I'm working on finding a PCP (I've moved a couple times this year and don't have anyone local yet) but since you mention it I think that between the desk work and the fact that I'm not getting any younger, stretching should probably be something that I work to make a daily routine whether I feel I have time to work out or not. I'll have to do some research and see what I find.

    I'm probably the sort of person who could really benefit from some remedial yoga, given how much flexibility and range of motion I feel I've lost over the years. The student trainer back at the university always had terrific stretching advice; I suppose that marks another good reason to find a proper gym as soon as I can get some of these work projects wrapped up.

    Thanks!
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    Dec 15, 2015 7:02 PM GMT
    Hey I read thru the comments and thought this over...

    If there is pain, dont poke at it.
    There are lots of nerves in the area you mentioned.

    The assessment is called - Upper Limb Tension Test - ULTT 1..2..3

    If you see a doctor or clinical massage therapist- they will run these tests.
    It checks for dural tension, the nerve stuck in the sheath.

    It can correlate to mental+physical stress; being tightly wound can translate into nerve tension.
    Don't wait to have it checked.
    Good luck.
  • Posted by a hidden member.
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    Dec 15, 2015 10:38 PM GMT
    fortall saidHey I read thru the comments and thought this over...

    If there is pain, dont poke at it.
    There are lots of nerves in the area you mentioned.

    The assessment is called - Upper Limb Tension Test - ULTT 1..2..3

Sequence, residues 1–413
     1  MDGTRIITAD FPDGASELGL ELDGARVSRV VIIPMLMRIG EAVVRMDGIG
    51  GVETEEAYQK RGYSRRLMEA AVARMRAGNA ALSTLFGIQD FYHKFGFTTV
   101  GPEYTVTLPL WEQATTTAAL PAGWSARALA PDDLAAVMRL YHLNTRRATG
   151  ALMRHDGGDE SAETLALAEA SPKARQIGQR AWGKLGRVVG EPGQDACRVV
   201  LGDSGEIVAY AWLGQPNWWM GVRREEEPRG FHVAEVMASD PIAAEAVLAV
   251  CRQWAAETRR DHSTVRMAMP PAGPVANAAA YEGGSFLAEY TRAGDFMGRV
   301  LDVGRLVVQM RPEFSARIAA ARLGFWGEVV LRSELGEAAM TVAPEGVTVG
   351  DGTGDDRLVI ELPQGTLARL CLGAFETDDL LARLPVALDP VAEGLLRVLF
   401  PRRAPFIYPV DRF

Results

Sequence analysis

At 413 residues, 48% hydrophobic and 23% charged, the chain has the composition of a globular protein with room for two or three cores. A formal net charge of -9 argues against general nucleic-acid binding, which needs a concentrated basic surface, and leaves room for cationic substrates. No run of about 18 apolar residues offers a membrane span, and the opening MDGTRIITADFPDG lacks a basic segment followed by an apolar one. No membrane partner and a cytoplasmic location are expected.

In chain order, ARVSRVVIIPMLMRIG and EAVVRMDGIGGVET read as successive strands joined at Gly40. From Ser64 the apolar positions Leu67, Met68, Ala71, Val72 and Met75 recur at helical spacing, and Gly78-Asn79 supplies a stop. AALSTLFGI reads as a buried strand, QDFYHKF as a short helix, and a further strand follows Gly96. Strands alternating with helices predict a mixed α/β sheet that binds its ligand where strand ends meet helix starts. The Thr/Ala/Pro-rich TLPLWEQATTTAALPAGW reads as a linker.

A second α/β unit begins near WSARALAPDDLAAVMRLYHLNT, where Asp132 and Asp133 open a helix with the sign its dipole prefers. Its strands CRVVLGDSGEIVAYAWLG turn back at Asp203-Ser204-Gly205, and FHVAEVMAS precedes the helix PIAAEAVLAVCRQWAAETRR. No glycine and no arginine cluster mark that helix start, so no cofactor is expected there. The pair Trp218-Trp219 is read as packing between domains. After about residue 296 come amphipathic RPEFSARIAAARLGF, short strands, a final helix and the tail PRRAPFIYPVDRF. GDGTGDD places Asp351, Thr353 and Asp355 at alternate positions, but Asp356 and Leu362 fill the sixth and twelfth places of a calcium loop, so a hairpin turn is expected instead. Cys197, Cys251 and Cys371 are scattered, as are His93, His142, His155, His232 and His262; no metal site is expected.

If you see a doctor or clinical massage therapist- they will run these tests.
    It checks for dural tension, the nerve stuck in the sheath.

    It can correlate to mental+physical stress; being tightly wound can translate into nerve tension.
    Don't wait to have it checked.
    Good luck.


    Thanks; I had already looked into some of the ULTTs but after another search I found ULTT 4 and the ulnar nerve.

    All the diagrams, as well as the typical causes for ulnar nerve entrapment, seem to apply here; the symptoms had already been fading for about a day and a half now, which I attribute partially to the fact that I have been making a conscious effort to stop leaning on that elbow (or even resting it on anything) when I'm working at a desk.

    I still haven't found a local doctor, but I feel much better prepared to describe my symptoms and related bad habits. All the background information everyone has helped me find is greatly appreciated.

    Edit: The diet may have been an aggravating factor too, though the correlation here is fairly weak. I know Livestrong tends to be pretty shallow, but if something has been mentioned in the literature (true or not) it tends to be there:

    http://www.livestrong.com/article/294781-weight-loss-nerve-entrapment/

    I had gained about 10 pounds since summer which I've shed over about two weks; this isn't quite "extreme", but it's more than the recommended rate of loss (about 2.5 pounds per week as I've heard it)
  • Posted by a hidden member.
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    Dec 19, 2015 3:00 PM GMT
    I'm not a doctor but as simply a guy who has worked out all my life and has had my fair share of injuries, it sounds like Tendonitis. The longer you let it go without treatment the worse it can get. For immediate relief I would start icing it until you can get to the doctor.
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    Dec 19, 2015 8:28 PM GMT
    Thanks. It had all but faded completely by the time I saw my new primary yesterday, but during the aforementioned ULTT diagnostics he noticed my shoulders were completely out of whack and he'll be sending me to a surgeon for non-surgical analysis and diagnosis, and we'll come back to the nerve/tendon problem if it is still noticeable after all this.

    This was a major win for me, because the looseness and occasional popping in my shoulders has been something I've wanted to address for a very long time; over the last few years I've just taken chest presses very slowly, doing high reps with low weights, and taking a break whenever I get any pain. After explaining my childhood of farm work (where *not* being injured was considered slacking) he said I need to try aerobics before I try to get too serious about resistance.

    He also agreed with the that the q****s in the Midwest were not giving very good advice when they told me just to not worry about my untreated hernias, and he's going to help me arrange treatment for those.

    So glad to have a doctor who takes these things seriously for once!